I actually got nine jars, but one didn’t seal and is residing in the fridge. It’s been there about a week now, so I need to use it up or toss it out. Provided it still smells/looks okay today, I’ll be making a deep dish apple pie with it later this afternoon.
And tomorrow, I’ve got to tackle the last third of the apples, which are currently hanging out in a box in the kitchen. They seem to be holding their own, but I want to get them put up before they start to spoil. I’m basically out of pantry space to accommodate more jars, so into the freezer they’ll have to go – I plan on cooking up some apple pie filling. And I’m going to use some of the peels to make apple peel jelly as well, so I’ve got to get an early start tomorrow in order to get it all done!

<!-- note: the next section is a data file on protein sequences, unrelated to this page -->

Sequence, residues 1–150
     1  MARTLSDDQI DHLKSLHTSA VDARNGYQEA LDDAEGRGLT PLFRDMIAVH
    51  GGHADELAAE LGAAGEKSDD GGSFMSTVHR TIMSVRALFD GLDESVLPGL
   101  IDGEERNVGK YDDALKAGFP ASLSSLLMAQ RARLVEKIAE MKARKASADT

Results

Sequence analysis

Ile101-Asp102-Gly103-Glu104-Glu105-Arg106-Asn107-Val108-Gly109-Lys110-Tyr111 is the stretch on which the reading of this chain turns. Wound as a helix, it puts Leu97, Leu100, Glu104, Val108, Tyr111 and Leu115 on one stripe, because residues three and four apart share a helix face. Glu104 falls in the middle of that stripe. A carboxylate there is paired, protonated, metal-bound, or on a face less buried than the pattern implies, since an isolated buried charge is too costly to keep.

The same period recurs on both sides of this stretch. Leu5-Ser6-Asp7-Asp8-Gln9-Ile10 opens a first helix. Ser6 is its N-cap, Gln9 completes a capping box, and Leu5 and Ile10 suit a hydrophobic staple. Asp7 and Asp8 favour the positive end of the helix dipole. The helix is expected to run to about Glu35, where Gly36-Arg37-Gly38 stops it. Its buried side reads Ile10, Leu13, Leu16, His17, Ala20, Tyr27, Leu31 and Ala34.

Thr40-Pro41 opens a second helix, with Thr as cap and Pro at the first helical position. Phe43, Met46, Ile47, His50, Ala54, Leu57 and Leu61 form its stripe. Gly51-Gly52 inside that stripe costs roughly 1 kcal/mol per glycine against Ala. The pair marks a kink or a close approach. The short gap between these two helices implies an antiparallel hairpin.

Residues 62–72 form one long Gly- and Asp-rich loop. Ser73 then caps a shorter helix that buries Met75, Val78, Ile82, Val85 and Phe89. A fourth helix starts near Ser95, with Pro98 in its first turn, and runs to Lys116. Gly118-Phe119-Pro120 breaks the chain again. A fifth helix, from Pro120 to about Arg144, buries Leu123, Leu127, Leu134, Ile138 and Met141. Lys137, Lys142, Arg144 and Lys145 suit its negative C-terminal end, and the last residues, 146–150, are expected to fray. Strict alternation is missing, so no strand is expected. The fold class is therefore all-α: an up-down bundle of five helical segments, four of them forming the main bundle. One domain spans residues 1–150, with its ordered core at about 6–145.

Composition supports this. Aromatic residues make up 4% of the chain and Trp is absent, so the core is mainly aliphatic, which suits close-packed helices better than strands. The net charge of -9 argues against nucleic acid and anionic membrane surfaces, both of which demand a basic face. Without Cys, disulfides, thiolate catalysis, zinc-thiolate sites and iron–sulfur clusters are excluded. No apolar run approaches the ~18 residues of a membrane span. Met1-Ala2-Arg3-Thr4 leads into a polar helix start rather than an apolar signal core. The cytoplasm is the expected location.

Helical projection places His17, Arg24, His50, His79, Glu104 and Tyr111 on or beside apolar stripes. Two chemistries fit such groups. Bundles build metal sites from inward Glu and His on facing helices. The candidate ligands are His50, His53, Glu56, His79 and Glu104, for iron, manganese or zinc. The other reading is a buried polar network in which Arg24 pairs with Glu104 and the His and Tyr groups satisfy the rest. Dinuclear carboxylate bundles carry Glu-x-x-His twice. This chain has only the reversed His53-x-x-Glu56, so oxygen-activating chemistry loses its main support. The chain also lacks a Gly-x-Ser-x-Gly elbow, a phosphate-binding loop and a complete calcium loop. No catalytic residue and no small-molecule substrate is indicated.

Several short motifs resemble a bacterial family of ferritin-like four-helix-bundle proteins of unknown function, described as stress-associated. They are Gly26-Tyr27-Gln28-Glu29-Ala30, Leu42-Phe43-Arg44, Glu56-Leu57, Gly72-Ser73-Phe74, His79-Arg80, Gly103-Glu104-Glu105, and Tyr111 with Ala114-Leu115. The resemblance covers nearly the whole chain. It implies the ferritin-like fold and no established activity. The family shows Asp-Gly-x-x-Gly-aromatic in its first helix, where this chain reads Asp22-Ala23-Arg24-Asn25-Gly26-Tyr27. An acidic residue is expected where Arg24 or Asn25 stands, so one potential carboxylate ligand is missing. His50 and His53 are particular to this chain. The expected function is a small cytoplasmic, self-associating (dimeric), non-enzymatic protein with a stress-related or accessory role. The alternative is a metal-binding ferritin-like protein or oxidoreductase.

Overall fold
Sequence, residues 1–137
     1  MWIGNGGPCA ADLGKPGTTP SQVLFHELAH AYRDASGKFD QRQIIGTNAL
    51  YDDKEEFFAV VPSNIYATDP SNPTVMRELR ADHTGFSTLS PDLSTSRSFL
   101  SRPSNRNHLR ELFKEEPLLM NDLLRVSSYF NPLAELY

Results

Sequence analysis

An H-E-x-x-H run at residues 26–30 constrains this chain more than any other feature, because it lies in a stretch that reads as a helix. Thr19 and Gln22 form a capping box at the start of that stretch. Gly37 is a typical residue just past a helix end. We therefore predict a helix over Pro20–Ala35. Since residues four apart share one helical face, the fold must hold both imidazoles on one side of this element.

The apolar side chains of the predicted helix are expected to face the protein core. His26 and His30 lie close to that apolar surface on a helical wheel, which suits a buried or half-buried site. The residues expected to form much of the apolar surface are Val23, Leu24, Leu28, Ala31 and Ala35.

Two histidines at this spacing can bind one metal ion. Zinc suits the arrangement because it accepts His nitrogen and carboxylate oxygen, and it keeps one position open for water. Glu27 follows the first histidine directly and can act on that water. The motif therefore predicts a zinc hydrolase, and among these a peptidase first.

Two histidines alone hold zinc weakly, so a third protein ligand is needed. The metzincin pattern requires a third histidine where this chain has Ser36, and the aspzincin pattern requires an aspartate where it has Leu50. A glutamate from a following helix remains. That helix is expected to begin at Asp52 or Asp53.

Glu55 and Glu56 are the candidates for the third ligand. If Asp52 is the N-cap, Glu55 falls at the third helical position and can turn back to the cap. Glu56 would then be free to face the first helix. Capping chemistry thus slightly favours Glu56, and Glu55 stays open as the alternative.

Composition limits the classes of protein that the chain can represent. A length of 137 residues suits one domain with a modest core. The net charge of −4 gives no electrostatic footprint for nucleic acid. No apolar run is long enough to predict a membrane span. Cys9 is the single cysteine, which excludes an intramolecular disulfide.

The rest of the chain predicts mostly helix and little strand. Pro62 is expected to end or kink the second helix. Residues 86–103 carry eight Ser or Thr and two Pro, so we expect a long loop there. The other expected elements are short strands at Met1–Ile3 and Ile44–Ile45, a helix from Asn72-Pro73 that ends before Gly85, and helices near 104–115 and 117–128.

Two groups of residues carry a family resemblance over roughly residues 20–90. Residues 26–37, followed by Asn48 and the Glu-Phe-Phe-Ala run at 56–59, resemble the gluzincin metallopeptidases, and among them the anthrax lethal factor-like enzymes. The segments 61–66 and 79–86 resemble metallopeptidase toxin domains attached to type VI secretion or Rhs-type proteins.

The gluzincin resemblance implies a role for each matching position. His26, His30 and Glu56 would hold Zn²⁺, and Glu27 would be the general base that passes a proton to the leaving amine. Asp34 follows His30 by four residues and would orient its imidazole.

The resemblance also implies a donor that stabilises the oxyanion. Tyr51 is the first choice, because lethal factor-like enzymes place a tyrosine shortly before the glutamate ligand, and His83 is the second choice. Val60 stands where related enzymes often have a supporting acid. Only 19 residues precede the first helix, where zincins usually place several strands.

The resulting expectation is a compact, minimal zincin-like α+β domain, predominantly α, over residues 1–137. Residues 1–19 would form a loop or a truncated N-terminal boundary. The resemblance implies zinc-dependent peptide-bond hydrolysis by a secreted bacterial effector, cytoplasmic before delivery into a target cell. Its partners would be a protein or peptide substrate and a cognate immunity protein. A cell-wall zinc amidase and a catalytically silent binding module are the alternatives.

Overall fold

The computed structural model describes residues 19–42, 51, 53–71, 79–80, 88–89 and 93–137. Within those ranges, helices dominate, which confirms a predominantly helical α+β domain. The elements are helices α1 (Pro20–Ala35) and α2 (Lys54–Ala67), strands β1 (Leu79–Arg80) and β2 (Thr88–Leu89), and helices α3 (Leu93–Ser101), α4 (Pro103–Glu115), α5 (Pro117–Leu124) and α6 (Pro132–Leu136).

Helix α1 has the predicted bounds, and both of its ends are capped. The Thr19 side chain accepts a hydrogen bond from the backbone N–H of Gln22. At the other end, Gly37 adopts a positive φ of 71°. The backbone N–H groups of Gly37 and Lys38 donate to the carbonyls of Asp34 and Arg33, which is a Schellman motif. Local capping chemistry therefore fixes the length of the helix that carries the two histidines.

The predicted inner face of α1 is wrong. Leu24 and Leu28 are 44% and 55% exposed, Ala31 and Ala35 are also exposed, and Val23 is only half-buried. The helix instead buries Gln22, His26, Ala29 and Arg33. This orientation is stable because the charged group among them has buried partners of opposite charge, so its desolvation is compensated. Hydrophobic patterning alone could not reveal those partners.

Believe it or not, I’ve got projects going on! Our rental apple tree from Earth First Farms came in this past weekend, so I’ve got two bushels of Rome apples to attend to ASAP. If you’ve never seen two bushels of apples, think of two large moving boxes. Full. Of. Apples. Since we got everything off one tree we got a mixed bag, so lots of different apples for different uses. About a third of ours are pristine enough for long term storage for fresh eating. Being in an apartment without a root cellar for storage, I had to do something drastic and clear out our entire vegetable crisper bin in the refrigerator. They just fit! But now we have fresh apples for eating whenever we want, and these are tasty. As I always say, I’ll take food in the pantry over money in the bank any day.